Sometimes, life makes you uncomfortable, and when you are already out of your comfort zone anyway, what better excuse to explore new terrain – even if it’s daunting?
I was a caged animal this year. I don’t want this blog to be a lamentation of everything that went awry, leading to my breaking point, but I felt trapped. I realized that, despite being good at my career, it no longer held my heart. It feels like a betrayal to admit that, but it’s the truth. My kids were all wonderful; I’ve genuinely never had a more inspiring, hard-working, intelligent group of students within the four walls of my classroom. But – it wasn’t enough.
If I could rewind time, find myself four, five years ago, and forewarn myself of the impending disillusionment, Past Me would never believe Present Me. Past Me would not even recognize Present Me, but that’s life. We evolve, or we stagnate.
With most careers, there is always another step on the ladder, but teaching isn’t that way, a fact of which I was cognizant but not realistic. In college, every step was taking me towards the pinnacle – my own classroom. Other than writing on the side, I didn’t want anything else – just to teach. Stepping away from the fantasy and coming to terms with my feelings that it’s not enough after all, that I would become the statistic they warn you about in college, left me feeling like a traitor and stranger. What happens when your career goal is not what you want for your life, but you have no other options in sight?
Fate (in the form of one of my most admired mentors) stepped in for the second time in my life – the first time, pushing me into the classroom and, this time, repelling me in a new direction entirely. Initially, I told myself I’ll give it one more year. If I still feel this way next year, I’ll look for a new job. I meant that, too, and I probably would have meant it a year from now, when I still struggled through the same darkness with no compass guiding me.
I was invited to a teacher panel I attend twice a year, where each time I wax poetic to a class full of eager Past Mes about life as an English teacher. While having lunch with my mentor, she asked me the usual (dreaded?) question – “How are things going for you at work?” I’ve always had a bad poker face, something she learned about me in our very first meeting years ago – when she tutored me on an awful paper that was especially bad because I didn’t believe in what I was writing. I couldn’t lie to her, but, similar to how I feel writing this blog, I didn’t want to relinquish from my soul of all of the words I was feeling. I told her what I tell myself: it’s not good, but I’ll give myself one more year. If I still feel this way next year, I’ll look for a new job.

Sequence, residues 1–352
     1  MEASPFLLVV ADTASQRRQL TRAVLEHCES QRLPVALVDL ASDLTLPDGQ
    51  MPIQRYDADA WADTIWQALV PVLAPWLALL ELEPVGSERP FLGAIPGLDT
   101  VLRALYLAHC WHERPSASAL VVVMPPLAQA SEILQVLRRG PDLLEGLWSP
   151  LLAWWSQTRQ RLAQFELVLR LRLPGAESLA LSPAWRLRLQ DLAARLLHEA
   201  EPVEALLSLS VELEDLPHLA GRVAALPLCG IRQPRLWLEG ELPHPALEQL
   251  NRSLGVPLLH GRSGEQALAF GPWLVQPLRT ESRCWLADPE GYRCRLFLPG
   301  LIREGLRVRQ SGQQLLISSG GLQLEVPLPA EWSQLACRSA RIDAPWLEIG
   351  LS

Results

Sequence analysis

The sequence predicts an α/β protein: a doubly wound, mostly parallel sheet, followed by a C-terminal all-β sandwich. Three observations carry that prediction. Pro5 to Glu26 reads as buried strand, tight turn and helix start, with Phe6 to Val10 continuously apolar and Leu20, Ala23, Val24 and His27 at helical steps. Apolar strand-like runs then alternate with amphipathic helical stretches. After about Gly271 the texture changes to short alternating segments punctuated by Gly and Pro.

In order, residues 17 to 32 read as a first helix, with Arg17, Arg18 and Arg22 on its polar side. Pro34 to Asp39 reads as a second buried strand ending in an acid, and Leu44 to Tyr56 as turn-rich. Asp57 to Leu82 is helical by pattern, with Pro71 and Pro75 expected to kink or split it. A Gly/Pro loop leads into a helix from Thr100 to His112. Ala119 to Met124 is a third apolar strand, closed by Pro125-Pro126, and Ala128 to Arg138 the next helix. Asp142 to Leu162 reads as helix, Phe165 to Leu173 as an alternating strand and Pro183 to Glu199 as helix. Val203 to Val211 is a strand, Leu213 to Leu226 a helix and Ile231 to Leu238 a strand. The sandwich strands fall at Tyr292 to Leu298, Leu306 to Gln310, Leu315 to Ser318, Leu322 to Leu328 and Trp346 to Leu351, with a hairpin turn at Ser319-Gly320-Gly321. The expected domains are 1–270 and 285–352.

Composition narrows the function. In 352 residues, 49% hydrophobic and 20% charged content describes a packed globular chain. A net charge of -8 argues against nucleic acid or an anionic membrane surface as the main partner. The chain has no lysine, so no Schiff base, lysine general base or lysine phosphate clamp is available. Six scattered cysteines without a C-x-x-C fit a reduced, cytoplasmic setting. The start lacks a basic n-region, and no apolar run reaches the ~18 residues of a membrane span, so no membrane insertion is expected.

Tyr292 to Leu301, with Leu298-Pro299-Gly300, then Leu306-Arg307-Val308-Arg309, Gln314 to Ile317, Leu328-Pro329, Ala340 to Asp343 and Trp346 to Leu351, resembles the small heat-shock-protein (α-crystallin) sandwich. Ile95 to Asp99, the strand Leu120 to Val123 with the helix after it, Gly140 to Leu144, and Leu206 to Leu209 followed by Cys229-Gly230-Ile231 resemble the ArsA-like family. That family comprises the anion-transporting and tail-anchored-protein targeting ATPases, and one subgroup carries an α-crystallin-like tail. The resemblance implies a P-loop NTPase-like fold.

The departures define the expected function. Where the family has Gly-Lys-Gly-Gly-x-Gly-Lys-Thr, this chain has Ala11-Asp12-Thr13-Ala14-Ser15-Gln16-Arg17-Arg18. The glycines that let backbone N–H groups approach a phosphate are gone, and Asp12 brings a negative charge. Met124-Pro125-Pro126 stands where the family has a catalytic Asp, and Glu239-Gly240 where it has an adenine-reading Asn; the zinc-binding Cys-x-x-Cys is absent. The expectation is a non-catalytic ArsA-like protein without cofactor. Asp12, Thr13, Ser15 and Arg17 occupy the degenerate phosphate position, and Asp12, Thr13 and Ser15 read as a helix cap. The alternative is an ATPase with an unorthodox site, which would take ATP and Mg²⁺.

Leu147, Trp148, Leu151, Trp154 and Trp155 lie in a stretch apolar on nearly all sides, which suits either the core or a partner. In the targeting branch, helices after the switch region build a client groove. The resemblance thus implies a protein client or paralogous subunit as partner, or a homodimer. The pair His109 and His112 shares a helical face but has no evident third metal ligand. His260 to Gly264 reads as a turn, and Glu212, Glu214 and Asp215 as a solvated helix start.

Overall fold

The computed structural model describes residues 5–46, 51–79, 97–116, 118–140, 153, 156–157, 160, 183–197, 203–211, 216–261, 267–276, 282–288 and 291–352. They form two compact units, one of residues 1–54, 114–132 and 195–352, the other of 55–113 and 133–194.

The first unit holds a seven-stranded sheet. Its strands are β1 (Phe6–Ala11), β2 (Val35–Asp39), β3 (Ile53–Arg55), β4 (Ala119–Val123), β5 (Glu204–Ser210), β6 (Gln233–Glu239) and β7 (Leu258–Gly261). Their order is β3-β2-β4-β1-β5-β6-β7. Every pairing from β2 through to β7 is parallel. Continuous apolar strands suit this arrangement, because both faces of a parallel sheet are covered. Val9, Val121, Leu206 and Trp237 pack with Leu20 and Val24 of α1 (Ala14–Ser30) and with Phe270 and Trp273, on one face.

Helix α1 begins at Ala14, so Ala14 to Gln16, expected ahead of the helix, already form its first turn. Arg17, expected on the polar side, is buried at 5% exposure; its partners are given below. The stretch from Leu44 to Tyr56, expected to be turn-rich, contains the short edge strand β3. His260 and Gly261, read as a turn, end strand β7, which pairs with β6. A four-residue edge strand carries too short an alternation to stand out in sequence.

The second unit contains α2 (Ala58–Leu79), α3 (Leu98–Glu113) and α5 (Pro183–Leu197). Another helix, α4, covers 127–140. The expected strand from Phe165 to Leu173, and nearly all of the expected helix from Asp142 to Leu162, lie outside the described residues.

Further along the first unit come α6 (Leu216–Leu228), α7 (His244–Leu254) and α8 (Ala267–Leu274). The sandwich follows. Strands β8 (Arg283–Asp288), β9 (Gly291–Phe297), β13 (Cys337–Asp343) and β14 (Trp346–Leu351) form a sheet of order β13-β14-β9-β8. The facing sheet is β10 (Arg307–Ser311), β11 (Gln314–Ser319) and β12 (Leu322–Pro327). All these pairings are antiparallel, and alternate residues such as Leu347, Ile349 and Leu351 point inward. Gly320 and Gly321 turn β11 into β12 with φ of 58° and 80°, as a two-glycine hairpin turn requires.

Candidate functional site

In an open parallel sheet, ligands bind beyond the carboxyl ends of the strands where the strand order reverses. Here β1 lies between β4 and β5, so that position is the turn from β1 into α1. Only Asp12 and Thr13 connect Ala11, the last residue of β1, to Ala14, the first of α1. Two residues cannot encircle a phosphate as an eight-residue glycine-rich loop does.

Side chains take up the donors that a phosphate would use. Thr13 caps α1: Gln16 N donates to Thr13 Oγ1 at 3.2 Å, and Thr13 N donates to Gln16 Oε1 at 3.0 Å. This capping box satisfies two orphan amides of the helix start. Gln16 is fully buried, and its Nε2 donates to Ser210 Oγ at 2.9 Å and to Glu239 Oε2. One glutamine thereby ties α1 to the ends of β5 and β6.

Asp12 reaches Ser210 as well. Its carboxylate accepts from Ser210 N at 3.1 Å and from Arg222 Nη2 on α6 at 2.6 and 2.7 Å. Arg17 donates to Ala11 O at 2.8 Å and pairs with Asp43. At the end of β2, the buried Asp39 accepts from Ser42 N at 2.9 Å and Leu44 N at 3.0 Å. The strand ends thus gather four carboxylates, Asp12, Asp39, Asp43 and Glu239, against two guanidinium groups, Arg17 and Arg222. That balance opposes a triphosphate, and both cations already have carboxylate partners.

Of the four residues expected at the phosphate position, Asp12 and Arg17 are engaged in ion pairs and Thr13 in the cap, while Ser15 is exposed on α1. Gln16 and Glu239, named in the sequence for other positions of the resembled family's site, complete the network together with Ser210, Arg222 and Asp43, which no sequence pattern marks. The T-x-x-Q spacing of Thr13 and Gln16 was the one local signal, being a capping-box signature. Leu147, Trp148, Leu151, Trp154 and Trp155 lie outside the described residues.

This led to a conversation about her new role as director of the advising center at my alma mater University, and so the story of my life-transformation begins, with the same woman who found Past Me all those years ago as an unsure, first generation college student who blossomed once hired as a writing tutor (a job for which I, at the time, felt seriously unequipped, but I was surprisingly perfectly suited). Present Me has felt, up until now, much the same as Past Me felt at that point in my life, ironically – lost, unsure of where to go or how to progress. And now, I feel the stars aligning as they did back then – when I became a tutor, met my husband and close friends, realized my passion for writing and teaching, began to see myself in a new light and understand my true potential.
I’m not abandoning education with this new path. I will still work directly with students each day, paying it forward and acting as the same compass for other college students wading through the seemingly endless abyss. I will also be able to further my own education simultaneously, learn more about myself, and have time at home to write and workshop my novel. I recently applied to the Stanford Certificate in Novel Writing program, and I am hopeful that I will have that opportunity in the near future as well.
What I’ve come to realize is that it’s not a betrayal or a failure to admit hey – this really is not for me. If anything, it’s brave to step beyond what one knows and find a new passion. We only have one life, but we don’t only have one identity. There’s Past Me and Present Me and Future Me and the Me that will be Remembered one Day. I want the Final Me to be remembered as someone who followed her passions and convictions, who didn’t stop dreaming, who didn’t settle and stagnate. I will always be a teacher, but it’s not all of who I am, but merely part of a whole. The whole of me is a learner, and I’m eager to learn what Future Me has in store.